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As the great Buddy Rich once said, the notes you leave out are as important as the ones you put in. It’s a lesson worth remembering when attempting to create a dish that’s both harmonious and attractive. Diner expectations do vary depending on where they eat – complex food is expected at a Michelin-starred joint focusing on tasting menus, for example, while the same grub would be deemed too fussy in a bistro. But there’s a fine line between too many flavours, textures or temperatures and too few… and that’s before you even begin to consider the interplay between each of the ingredients, including how they complement or play off against one another, to provide an overall balance or push one element to the fore.

It helps when you’re working with pristine ingredients, of course. With a great selection of tomatoes available at this time of year (does anybody even know what the hell heirloom really means anyway?), all that’s really needed is a helping hand.

So, no gels. The pea soil? Wasn’t needed. The tuile? Ditto. Even the cheese curds that were planned as an addition ultimately proved unnecessary. The only adornments required were a few freshly picked herbs and flowers (marigold, pansy, and borage), some seeds, plus a little dressing. And the tomatoes? Half were simply seasoned, and then the rest were given a range of quick treatments to enhance and accent their contrasting properties. One was given a rapid vacuum infusion of blue cheese, another compressed and infused with espellete oil, a third compressed and pumped with basil, and finally another tweaked with aged balsamic vinegar and a touch of maple.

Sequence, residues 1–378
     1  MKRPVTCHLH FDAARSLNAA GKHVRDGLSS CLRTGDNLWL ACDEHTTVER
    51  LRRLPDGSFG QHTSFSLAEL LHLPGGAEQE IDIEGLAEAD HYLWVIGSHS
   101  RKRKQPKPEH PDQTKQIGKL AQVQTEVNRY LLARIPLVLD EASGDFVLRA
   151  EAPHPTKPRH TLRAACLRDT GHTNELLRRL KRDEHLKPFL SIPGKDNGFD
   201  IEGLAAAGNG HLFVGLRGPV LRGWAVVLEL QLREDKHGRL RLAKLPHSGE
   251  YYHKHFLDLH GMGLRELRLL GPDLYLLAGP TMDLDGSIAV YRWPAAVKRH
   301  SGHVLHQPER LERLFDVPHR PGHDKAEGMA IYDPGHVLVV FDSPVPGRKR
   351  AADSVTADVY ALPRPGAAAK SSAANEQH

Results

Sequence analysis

Subtle techniques. Familiar flavours. Simple, even pedestrian plating. Bloody perfect taste of the summer.

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Scribbling, ponderings, and maybe a little food porn…

by Mark Ramshaw

owner at feast for the senses
food design, private catering, consultancy

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